Answer choice (B): This Opposite answer presents an alternate cause for the increased incidence of allergies. If children in small families eat more kinds of very allergenic foods than children in large families do, this would explain why the likelihood of developing allergies varies by family size.

Answer choice (C): This answer choice does not address the causal relationship between family size and the incidence of allergies. The question stem does not ask you to justify exposure of children to germs in order to prevent allergy.

Answer choice (D): This Opposite answer suggests that an alternate cause may affect the incidence of allergies: if children whose parents have allergies have an above-average likelihood of developing allergies themselves, then susceptibility to allergies would be hereditary. In that case, the chance of developing allergies would be determined at birth. This is clearly at odds with the premise that younger siblings in large families have fewer allergies than older siblings, and weakens the conclusion that an environmental factor (such as exposure to germs) makes people less likely to develop allergies.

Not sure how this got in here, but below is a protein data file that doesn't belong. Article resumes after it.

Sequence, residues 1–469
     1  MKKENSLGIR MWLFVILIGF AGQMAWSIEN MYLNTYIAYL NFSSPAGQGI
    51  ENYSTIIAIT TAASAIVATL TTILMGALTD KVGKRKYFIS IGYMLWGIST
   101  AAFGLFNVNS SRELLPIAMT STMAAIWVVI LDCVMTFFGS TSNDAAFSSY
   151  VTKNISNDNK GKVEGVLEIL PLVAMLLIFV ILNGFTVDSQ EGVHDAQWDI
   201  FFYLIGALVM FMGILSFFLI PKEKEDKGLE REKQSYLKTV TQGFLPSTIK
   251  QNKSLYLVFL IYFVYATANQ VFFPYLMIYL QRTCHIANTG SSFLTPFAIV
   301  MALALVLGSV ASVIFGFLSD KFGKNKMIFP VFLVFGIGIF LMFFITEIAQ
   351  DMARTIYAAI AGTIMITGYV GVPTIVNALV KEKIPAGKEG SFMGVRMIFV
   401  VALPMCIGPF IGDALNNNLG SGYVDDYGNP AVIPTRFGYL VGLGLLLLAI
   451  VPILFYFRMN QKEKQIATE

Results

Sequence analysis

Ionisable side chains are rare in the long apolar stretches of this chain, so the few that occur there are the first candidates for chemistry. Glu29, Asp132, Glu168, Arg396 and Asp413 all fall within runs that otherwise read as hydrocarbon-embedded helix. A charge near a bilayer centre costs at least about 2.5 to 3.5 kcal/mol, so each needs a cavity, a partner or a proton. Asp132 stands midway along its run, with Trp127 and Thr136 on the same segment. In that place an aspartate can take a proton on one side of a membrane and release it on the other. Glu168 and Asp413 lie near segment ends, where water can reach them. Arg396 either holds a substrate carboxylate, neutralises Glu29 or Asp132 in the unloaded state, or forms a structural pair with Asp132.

Answer choice (E): This is the correct answer choice. If children from small families who entered day care before age one were less likely to develop allergies than children from small families who entered day care later, this provides additional evidence to support the hypothesis that exposure to other children (and therefore germs) leads to a decreased incidence of allergies. Note that this answer choice correctly compares the incidence of allergies in children from the same family size, which helps eliminate any potential biases inherent in the original study. Because early germ exposure via day care cohorts (as opposed to older siblings) results in the same decreased incidences of allergies, this answer choice presents an analogous case in which the cause occurs, and the effect occurs.

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Re: Researchers have found that children in large families— particularly &nbs [#permalink] 03 Jan 2019, 12:50